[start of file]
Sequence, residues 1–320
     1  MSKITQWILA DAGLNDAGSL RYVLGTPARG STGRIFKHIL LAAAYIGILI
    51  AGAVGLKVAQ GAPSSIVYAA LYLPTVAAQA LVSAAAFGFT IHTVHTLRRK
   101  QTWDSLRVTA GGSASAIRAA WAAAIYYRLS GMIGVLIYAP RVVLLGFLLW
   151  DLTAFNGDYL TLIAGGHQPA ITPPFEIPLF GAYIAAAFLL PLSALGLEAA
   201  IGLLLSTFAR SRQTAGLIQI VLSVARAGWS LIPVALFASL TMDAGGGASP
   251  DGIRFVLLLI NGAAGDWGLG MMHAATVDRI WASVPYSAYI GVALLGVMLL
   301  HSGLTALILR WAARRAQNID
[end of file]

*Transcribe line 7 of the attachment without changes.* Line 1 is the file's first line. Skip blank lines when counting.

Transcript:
   251  DGIRFVLLLI NGAAGDWGLG MMHAATVDRI WASVPYSAYI GVALLGVMLL